This project brought International best selling children’s author, Allan Ahlberg, back to the Black Country school he went to as a child in the 1950s, and the school where he did his teacher training in the 1970s (Rood End and Bleak House respectively).
During 2011, Multistory worked with Allan on a project that took place in Rood End School and Bleakhouse School. Multistory commissioned a number of regional artists to carry out a series of workshops, working closely with the pupils and teachers in both of the schools. All of the children worked with the following:
- a performance poet – so the children could perform Allan’s stories and poems and to write their own poems.
- a sound artist – so the children could create audio stories.
- a drama worker – so the children could re-enact scenes from Allan’s books or from their own stories.
- an illustrator – so the children could illustrate their own stories using the style and techniques of Janet Ahlberg.
The main thrust of this work was driven by the books of Allan Ahlberg (particularly The Boyhood of Burglar Bill, My Brother’s Ghost and Woof) and by Allan’s poems which draw on his childhood and teaching experiences. It was also influenced by Allan’s books written for younger children and illustrated by his wife, Janet Ahlberg, (for example, Burglar Bill and Funny Bones) which use the look and feel of the Black Country. But, in particular, it used Peepo, based on his memories of Oldbury as a child.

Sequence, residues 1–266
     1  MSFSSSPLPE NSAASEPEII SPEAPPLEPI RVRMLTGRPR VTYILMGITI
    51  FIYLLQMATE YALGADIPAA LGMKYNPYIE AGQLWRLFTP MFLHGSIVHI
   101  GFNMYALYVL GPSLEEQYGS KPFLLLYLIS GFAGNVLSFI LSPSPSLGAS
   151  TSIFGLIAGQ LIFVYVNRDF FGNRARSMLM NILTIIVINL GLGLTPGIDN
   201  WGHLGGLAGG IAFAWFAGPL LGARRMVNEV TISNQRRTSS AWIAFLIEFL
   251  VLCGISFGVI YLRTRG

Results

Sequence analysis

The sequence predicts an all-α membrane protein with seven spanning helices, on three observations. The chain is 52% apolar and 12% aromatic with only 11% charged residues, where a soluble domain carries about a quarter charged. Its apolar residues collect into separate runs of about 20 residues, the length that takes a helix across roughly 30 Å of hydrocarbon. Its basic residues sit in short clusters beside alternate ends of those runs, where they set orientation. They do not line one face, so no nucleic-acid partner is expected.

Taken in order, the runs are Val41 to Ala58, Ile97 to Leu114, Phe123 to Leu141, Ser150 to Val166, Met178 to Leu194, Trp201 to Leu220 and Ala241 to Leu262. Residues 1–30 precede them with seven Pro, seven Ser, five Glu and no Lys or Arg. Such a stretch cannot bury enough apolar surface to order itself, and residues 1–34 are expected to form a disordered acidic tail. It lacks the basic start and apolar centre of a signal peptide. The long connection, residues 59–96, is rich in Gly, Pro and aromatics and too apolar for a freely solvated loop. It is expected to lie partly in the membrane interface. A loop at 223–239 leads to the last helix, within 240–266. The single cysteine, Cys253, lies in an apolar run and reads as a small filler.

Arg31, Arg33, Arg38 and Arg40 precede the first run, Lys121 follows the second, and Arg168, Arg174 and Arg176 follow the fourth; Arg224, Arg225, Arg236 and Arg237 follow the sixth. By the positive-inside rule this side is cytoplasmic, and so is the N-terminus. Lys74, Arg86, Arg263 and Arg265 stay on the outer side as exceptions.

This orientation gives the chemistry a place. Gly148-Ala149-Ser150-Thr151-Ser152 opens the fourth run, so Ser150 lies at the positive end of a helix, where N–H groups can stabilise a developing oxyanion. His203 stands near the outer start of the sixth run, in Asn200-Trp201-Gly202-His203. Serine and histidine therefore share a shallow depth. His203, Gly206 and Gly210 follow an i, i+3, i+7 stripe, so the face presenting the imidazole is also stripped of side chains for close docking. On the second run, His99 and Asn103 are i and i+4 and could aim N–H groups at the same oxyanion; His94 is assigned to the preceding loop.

An interactive exhibition of the project, including the children’s work, took place at The Public in West Bromwich during the Summer of 2011.
The video below shows Allan visiting the Head’s office at his old Primary School looking at old photos and hearing about the inspiration for “The Boyhood of Burglar Bill”.
Year four sing a couple of Allan Ahlberg’s poems.
Allan Ahlberg gives an assembly at the school he first taught at.
Allan in the classroom
Allan talks to a class of year four pupils about how he came from being a grave digger to teaching at the school.
He tells stories of the football team, the lessons he taught and what the school was like 50 years ago.
There’s also some readings, including a wonderful unpublished work about his dad.